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    CLDJ and CJTF-HOA take part in USA Friendship Day in Djibouti

    USA Friendship Day in Djibouti City

    Photo By Petty Officer 1st Class Joseph Rullo | DJIBOUTI CITY, Djibouti – Service members forward deployed to Camp Lemonnier,...... read more read more

    DJIBOUTI CITY, Djibouti (Dec. 8, 2018) – Service members from the Army, Navy and Air Force forward deployed to Camp Lemonnier, Djibouti, Combined Joint Task Force-Horn of Africa (CJTF-HOA), base civilian employees and U.S. Embassy personnel took part in the first USA Friendship Day at the Djibouti International Trade Fair at the Palise du Peuple, Dec. 8, 2018.

    The week-long Djibouti International Trade Fair cultural exchange, which included other countries such as France and Italy, dedicated its last day to displays that introduced U.S. culture to those in attendance. More than 20 base personnel staffed tables, which included music and art demonstrations, interactive history and science displays, sports and gaming tables and a children’s corner complete with a dinosaur costume worn by Logistic Specialist 2nd Class Dawn Arnold.

    The Djibouti Chamber of Commerce President, Youssouf Moussa, opened the event with remarks in French, Somali and English. He stressed the United States is a friend to Djibouti and he would like to continue a very strong relationship between the two countries.

    During Moussa’s speech, he thanked Camp Lemonnier for employing Djiboutians on base.

    “We thank Camp Lemonnier for giving [a] chance to many Djiboutians to work inside and to be partnered with Camp Lemonnier,” Moussa said. “I want to thank the Camp Lemonnier staff.”

    The American government is one of the largest employers in Djibouti.

    Ambassador Larry André, who was appointed by President Trump as the United States Ambassador to the Republic of Djibouti on Nov. 20, 2017, spoke next and echoed Moussa’s remarks.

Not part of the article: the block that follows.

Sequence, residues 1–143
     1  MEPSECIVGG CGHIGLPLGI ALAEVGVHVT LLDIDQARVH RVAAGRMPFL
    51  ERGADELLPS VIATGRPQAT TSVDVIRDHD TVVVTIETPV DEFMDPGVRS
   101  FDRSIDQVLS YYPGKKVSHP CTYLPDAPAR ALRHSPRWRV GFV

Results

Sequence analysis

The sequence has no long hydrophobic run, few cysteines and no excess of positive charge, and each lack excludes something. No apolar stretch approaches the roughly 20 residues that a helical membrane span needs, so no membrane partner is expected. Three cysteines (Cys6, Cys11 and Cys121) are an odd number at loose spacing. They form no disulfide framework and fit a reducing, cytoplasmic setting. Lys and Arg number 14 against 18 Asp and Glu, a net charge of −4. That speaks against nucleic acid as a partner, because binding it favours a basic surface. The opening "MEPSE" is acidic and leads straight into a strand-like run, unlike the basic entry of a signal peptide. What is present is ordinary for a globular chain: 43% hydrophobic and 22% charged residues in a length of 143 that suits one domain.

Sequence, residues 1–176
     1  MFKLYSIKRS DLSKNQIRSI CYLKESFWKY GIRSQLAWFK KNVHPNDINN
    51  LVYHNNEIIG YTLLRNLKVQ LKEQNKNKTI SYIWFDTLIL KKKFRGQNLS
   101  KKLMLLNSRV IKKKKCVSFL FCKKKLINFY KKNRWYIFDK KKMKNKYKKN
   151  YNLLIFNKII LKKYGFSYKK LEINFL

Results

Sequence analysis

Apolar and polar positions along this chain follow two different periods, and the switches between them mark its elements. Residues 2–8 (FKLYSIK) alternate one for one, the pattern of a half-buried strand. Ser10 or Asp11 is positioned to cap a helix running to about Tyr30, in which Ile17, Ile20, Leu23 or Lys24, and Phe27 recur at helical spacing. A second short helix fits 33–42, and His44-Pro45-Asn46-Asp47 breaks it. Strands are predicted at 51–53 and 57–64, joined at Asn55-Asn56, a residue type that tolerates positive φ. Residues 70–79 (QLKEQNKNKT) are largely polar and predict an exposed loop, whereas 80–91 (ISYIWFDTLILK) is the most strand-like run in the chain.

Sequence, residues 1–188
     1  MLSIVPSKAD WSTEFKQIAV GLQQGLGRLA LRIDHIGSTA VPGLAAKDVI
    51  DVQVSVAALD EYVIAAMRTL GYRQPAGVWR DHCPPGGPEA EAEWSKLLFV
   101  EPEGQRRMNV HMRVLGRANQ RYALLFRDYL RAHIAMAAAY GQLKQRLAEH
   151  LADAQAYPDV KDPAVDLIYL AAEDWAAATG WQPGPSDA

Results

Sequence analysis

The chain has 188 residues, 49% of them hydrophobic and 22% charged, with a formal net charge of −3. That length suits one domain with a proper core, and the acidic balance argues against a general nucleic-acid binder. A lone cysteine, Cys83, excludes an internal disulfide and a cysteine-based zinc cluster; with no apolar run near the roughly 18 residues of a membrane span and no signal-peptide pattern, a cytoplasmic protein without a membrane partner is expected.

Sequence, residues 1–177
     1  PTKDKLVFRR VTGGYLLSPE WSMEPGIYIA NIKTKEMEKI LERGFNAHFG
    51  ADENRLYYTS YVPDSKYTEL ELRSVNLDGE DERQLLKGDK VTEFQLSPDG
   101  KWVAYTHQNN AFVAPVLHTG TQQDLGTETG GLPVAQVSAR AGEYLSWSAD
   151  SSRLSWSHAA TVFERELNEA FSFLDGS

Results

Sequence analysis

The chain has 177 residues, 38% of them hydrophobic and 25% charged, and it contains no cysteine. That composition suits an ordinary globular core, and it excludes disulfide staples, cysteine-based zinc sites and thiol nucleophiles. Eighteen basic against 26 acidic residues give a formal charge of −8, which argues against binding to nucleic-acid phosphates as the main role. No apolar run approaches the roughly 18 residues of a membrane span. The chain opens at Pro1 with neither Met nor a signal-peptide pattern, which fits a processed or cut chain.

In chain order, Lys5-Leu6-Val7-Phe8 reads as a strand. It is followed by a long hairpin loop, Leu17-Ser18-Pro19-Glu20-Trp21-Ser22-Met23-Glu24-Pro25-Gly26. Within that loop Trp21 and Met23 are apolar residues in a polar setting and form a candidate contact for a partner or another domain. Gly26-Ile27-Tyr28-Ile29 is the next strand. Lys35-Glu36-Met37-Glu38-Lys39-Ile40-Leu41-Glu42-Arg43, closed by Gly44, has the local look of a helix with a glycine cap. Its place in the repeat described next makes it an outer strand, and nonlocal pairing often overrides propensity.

André opened his remarks in French and said the partnership between the United States and Djibouti began on the day of the East African’s country independence, June 27, 1977. He said since then the relationship between the two countries has grown stronger in economic, security and cultural spheres.

    André spoke about many educational advancements happening in Djibouti with the help of U.S. investment to the Djiboutian economy and acknowledged the efforts of the service members of Camp Lemonnier for assisting in that effort.

    “There are quite a number of our American military service members based at Camp Lemonnier who participate in English discussion groups,” André said. “So many Djiboutian young people tell me they get the theory [of English] but need to practice and so our [service members] are helping with that practice.”

    During the 3-hour event, service members interacted with Djiboutians, some of whom had never met an American before. They posed for pictures, played board games and took selfies with the U.S. flag.

    In addition to the U.S. displays, there were demonstrations from local Djibouti dance and music troops. The two groups eventually united and performed together when Yeoman 2nd Class Azer Itarasoto played Purple Haze by Jimi Hendricks, accompanied by two Djiboutians playing bongos and a djembe, a traditional African percussion instrument.

    Commanding Officer of Camp Lemonnier, Navy Capt. Charles J. DeGilio, attended USA Friendship Day and explained the importance of creating understanding between the people of Djibouti and the United States. Emphasizing the Djibouti International Trade Fair also helps to bring U.S. businesses to Djibouti and creates an understanding of how we do business and to sample our culture.

    DeGilio said that since 65 percent of the people stationed on Camp Lemonnier are from the reserve component of the Armed Forces, they bring a unique perspective of the U.S. to Djibouti. He said personnel deployed here for as long as one year come from all over the U.S. and from many different professional backgrounds.

    “When you’re talking to someone from the base, you could be talking to someone from Maine, San Diego, Washington or Missouri, with a wide range of civilian careers,” DeGilio said. “The folks here today are a very diverse group and a great representation of a cross section of the United States; they are amazing ambassadors of U.S. culture.”

    Camp Lemonnier is an operationally-focused shore installation that enables U.S., allied and partner nation forces to be where and when they are needed to ensure security and stability in Europe, Africa and Southwest Asia.

    The mission of Camp Lemonnier is to enable joint warfighters operating forward and to reinforce the relationship between the United States and Djibouti by conducting five key shore missions – air operations, port operations, security, safety and quality of life – and providing core mission enablers such as fuel, water and power for tenant commands, transient U.S. assets and individual service members.

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    NEWS INFO

    Date Taken: 12.08.2018
    Date Posted: 12.10.2018 03:52
    Story ID: 302772
    Location: CU

    Web Views: 193
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